By Amanda Czepiel, J.D. BLR Legal Editor
For many, that question will be answered during an EPA inspection. Your best bet to pass an SPCC plan inspection? Be prepared.
EPA has been conducting SPCC plan inspections since 1973 in an effort to minimize oil spills from reaching U.S. waters, and in recent years, has stepped up both the frequency of inspections and enforcement actions. According to EPA’s guidance document "What to Expect During an SPCC/FRP Inspection", the SPCC plan inspections have two purposes:
- To ensure that oil storage facilities, refineries, electrical utilities, oil production fields, and other SPCC-regulated industries are in compliance with the SPCC regulations (40 CFR 112)
- To educate owners and operators about the SPCC regulations and ways to ensure compliance
How to Prepare for an SPCC Plan Inspection
First of all, a copy of a facility’s SPCC plan should be available to EPA representative inspectors at all times, and should be easily accessible. Any other relevant documentation of your operating procedures, spill prevention measures, personnel training, inspection procedures, drainage discharges, and spill incidents should be provided to the inspector, in addition to site plans for tankage, diversionary structures, and drainage patterns.
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For the meetings and the facility tour, have personnel who are familiar with your facility’s SPCC measures, diversionary structures, and standard operating procedures accompany the inspector(s). This will minimize any delay in responding to the inspector(s)’s questions and ensure that you provide the correct information. Check to see if all past corrective actions have been completed and that records of completion are with your current SPCC plan.
What to Expect During the Inspection
SPCC plan inspections can be both announced and unannounced. The inspector(s) will evaluate:
- Storage tanks, and other equipment containing oil
- Diversionary structures
- Truck loading/unloading areas
- Facility design
- Drainage patterns
- Operating procedures
- SPCC measures and their ability to prevent the release of oil to storm drains (onsite or offsite), creeks, streams, ditches, rivers, bays, or other waterways
When inspectors arrive, they will most likely review the written SPCC plan. After this review, an inspector will conduct a walk-through of your facility, possibly taking photographs as proof of SPCC plan implementation. The measures discussed in your plan must have been implemented throughout the facility in order to be in compliance with the SPCC regulations.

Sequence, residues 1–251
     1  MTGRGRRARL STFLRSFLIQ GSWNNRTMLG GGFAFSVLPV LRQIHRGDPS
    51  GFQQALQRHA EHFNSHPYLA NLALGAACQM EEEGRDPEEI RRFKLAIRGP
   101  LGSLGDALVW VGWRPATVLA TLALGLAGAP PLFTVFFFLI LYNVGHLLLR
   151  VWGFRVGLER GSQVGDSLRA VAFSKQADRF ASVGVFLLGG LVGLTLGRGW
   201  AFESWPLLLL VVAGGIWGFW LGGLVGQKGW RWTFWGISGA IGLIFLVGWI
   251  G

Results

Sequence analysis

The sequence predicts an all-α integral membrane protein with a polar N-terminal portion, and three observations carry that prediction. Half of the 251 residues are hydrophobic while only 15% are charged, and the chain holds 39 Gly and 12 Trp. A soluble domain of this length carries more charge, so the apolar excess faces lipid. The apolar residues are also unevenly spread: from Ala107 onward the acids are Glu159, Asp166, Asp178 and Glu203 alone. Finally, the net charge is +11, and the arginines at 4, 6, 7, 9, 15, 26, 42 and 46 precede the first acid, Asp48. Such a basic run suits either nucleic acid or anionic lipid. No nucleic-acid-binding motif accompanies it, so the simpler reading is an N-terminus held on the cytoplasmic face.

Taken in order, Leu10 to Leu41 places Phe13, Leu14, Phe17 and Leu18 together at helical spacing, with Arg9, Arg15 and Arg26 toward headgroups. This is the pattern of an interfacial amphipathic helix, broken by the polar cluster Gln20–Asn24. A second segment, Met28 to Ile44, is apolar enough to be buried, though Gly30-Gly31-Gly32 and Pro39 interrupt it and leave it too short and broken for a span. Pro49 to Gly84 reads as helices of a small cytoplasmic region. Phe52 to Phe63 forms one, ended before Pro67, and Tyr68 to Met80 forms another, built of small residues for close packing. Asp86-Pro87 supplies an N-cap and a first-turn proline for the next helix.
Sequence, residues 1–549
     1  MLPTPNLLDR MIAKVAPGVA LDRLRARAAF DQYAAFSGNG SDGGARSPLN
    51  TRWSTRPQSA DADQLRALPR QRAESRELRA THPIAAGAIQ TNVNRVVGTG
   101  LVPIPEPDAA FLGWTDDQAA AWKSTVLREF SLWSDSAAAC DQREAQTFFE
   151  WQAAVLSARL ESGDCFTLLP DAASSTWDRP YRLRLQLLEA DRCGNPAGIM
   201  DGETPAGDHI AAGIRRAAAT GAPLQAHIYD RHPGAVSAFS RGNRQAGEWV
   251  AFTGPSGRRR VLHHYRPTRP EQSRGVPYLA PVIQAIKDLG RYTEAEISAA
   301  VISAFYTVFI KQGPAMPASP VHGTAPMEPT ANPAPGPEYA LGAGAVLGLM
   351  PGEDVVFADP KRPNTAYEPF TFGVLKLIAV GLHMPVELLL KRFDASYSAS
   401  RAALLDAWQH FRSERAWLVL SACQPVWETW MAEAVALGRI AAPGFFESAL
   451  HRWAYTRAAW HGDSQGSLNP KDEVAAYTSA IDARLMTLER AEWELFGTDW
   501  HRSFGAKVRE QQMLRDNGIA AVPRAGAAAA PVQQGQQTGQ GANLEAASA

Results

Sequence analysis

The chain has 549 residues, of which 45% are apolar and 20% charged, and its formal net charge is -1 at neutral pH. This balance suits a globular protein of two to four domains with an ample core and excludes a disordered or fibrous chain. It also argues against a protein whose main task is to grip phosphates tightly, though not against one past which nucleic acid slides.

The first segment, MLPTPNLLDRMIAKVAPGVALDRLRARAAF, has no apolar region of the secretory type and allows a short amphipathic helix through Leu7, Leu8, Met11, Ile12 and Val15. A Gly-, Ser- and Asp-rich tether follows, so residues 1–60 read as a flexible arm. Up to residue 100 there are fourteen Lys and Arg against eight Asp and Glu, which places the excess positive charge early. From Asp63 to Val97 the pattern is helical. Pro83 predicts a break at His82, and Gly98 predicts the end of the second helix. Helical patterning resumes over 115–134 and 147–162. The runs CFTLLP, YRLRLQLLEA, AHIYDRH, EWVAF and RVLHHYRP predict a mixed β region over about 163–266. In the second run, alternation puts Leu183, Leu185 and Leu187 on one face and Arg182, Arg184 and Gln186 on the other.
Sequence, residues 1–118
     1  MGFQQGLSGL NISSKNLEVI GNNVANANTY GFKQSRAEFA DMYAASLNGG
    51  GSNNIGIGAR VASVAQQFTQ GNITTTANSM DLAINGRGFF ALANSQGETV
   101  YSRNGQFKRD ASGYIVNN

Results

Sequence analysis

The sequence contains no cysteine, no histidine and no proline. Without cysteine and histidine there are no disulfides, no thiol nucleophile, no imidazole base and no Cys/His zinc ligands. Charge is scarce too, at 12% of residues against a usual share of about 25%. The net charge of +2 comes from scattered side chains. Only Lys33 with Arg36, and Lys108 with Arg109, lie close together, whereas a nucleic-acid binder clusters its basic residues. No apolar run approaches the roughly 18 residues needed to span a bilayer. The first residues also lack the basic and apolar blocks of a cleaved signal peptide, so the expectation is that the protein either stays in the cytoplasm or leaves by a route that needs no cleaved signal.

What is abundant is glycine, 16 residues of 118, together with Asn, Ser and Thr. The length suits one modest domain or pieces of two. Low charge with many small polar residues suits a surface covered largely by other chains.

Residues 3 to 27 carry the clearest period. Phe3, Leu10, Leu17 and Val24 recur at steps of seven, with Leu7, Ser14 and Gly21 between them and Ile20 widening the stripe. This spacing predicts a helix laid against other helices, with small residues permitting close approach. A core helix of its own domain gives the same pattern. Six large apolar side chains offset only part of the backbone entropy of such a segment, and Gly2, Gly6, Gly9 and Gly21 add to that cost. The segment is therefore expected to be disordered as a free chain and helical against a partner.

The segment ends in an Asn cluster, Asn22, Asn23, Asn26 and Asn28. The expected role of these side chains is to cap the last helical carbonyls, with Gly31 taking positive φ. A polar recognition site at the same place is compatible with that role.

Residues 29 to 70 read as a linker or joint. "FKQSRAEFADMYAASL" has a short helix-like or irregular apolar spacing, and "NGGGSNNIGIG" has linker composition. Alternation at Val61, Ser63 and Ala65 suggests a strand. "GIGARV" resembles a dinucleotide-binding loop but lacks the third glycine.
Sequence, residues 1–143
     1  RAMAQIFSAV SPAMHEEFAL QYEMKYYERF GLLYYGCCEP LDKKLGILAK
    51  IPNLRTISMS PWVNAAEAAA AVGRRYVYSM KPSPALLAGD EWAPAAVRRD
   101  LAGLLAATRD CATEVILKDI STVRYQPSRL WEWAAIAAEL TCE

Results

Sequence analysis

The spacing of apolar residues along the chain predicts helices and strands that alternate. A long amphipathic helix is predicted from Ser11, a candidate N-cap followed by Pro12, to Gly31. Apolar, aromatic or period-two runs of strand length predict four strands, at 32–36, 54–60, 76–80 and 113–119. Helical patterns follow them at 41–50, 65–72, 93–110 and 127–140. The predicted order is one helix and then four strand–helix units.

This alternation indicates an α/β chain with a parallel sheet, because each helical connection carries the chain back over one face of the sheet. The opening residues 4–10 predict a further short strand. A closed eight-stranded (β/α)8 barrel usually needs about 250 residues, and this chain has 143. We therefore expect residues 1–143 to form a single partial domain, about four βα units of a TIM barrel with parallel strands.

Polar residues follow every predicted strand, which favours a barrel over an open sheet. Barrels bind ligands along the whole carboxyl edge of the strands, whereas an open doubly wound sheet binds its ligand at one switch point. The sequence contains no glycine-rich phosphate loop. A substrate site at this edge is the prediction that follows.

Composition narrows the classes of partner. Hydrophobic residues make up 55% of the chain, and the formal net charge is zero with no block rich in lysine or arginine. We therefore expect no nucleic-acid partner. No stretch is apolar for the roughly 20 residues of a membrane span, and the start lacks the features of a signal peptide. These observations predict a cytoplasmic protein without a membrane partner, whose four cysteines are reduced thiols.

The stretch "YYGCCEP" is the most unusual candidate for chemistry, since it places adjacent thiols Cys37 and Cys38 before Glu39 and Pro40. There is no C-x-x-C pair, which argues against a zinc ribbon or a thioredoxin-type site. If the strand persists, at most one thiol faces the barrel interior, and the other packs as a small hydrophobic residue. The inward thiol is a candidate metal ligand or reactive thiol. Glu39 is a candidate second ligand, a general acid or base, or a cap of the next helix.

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Typically, after the walk-through, the inspector will hold a debriefing meeting with the facility operator. During the meeting, the inspector will discuss his or her observations, and provide an opportunity for all parties to ask questions and clarify any ambiguities in the plan or its implementation. The inspection and evaluation may be summarized in a written report as a follow-up to the inspection, and an order for corrective action, if necessary, will be issued.
Amanda Czepiel, J.D., is a Legal Editor for BLR’s environmental law publications. Ms. Czepiel has over 6 years of experience as an attorney and writer in the field of environmental compliance resources and has published numerous articles on a variety of environmental law topics, including wastewater and NPDES permitting, brownfields and contaminated sites remediation, oil spill prevention, wetlands, and corporate sustainability. Before starting her career in publishing, Ms. Czepiel worked in hospitality consulting and for various non-profit organizations and government agencies in the environmental field. Ms. Czepiel received her law degree from the University of Connecticut School of Law.